SMALL UPDATE BELOW
So the Health section of today’s Post features a huge photo of an under-16 girls soccer team. I did not need to read the byline to figure out who wrote the accompanying article.
Hot off the discovery that teenage girls like to shop more than teenage boys, LSS’s next project is to document this soccer team’s trip to South Africa. The girls plan to teach the locals the joys of the sport. Somehow this is supposed to prevent people from contracting the HIV. I don’t really get it.
I am all for charity. Even charity which is obviously designed to broaden the soccer team’s horizons instead of actually, you know, really helping anyone. I mean, it would be nice if they wanted to help the poorer parts of DC and Maryland. I’ve been tipped off that they have their own HIV and poverty problems. But, South Africa instead. Fine. Godspeed.
This trip will be good for the Americans and hopefully it will be good for the South Africans. The latter are getting at least a $10,000 donation out of it. My beef with this, and this is should be obvious to anyone who’s been reading this site for an extended period of time, is that Laura Sessions Stepp is a terrible writer.
What happens when they [the soccer team] sit around a fire and talk about self-image and sexuality with girls more open to those conversations than they are? Or when they have to forgo such everyday luxuries as Life cereal, artichokes and dark chocolate for yams, rice and beans?
First and foremost, wasn’t your whole entire thing with Unhooked? That American girls are now way more open about discussing their sexuality? Don’t you remember writing that? Tell me you at least remember your book tour? You made being a 16-year-old girl look like one big uninterrupted blowjob. You learned the terms "tebagging" and, ugh, "eating a roast beef sandwich" from 16-year-old girls. Now they're the shy ones!? Your inconsistencies are as frustrating as your prose, Ms. Stepp.
And how in God’s green Earth did you come up with “Life cereal, artichokes and dark chocolate”? What a weird and distracting sentence. (Editor's Note: Life cereal is really fucking good but why is it more expensive per ounce than other cereals? What fancy ingredient jacks up the price?)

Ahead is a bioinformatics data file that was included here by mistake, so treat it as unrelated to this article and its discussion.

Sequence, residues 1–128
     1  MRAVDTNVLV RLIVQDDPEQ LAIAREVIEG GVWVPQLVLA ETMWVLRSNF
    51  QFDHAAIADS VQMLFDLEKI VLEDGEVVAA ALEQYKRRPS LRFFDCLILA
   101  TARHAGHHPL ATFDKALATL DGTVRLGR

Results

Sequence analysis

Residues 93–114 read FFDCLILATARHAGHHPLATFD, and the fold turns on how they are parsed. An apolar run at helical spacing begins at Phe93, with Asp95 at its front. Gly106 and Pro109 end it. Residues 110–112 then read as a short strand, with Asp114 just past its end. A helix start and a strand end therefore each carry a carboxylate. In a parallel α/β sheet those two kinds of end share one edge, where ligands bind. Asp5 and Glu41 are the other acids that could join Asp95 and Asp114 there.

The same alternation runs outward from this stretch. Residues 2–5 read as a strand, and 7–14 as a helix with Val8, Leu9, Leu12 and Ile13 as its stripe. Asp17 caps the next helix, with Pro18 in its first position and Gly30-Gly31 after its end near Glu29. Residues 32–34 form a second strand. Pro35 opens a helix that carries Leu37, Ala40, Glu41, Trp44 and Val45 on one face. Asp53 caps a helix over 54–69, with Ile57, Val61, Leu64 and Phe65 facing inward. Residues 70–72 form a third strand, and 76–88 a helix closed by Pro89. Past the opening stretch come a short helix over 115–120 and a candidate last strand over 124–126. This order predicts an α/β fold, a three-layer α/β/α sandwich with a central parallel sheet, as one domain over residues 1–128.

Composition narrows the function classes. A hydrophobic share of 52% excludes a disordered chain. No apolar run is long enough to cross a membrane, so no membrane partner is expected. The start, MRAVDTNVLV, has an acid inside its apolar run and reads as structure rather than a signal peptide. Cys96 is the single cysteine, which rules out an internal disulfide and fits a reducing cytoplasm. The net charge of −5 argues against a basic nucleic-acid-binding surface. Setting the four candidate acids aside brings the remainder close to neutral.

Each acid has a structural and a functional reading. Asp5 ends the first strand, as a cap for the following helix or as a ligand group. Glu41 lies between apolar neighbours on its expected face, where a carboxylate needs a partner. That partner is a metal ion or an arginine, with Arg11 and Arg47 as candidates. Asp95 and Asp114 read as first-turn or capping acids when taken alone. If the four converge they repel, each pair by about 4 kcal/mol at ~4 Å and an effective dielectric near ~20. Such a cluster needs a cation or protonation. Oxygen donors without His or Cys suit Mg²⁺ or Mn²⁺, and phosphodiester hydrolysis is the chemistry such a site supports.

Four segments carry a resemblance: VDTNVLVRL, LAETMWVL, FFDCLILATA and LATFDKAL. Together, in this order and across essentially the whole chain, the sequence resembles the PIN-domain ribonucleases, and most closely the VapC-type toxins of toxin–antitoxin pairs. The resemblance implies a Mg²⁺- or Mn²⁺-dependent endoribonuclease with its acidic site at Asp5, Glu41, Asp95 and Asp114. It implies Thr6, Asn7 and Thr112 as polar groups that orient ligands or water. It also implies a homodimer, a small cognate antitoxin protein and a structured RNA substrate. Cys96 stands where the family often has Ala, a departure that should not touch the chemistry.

The piece then devolves into a summary of all the wacky sitcom-style culture clashes that the author expects. No cell phones or iPods? Crazy! Baboons? Whoa! How will these girls ever manage!? Oh, that’s right. They’ll mange through the power of soccer.
"I hope we can leave behind the knowledge of how empowering soccer can be," said Joanna Meyer-Glitzenstein, 16, a tough center/midfielder, and one of several girls interviewed in their homes before leaving.
This is especially hilarious because, as the article notes, girls in South Africa don’t even play soccer. That’s a boy sport over there. It’s not like the South African girls don’t know what soccer is. And empowering? My experience with soccer was anything but empowering. It was a constant reminder of my athletic inferiority and general lack of grace.
So, a bunch of wealthy (certainly on a global scale, but probably on a national scale too) girls are going to South Africa to teach poorer girls how to play soccer. The irony of Americans teaching soccer to Africans is duly noted. Somewhere in all of this, everyone learns about HIV. I still don’t get that part, but, whatever. It’s win-win. The only losers are the readers of The Washington Post. We’re going to have deal with LSS waxing poetic on this for the next two weeks. Let's be honest, none of us could really give two shits. That hasn't stopped her before and it won't stop her now. Fantastic.
UPDATE: I didn't notice this at first, but this series is being called "World's United." Let's just say that I'm very wary of that apostrophe. There is no way LSS and/or whatever editor titled this meant "World is United." They mean two worlds. Plural. No apostrophe. It's the fucking title of this two week project and they can't even get that right.
UPDATE #2: OK. Only one link says "World's." The rest say "Worlds." It's one error too many, but Lord knows I've made enough mistakes around these parts to let it slide.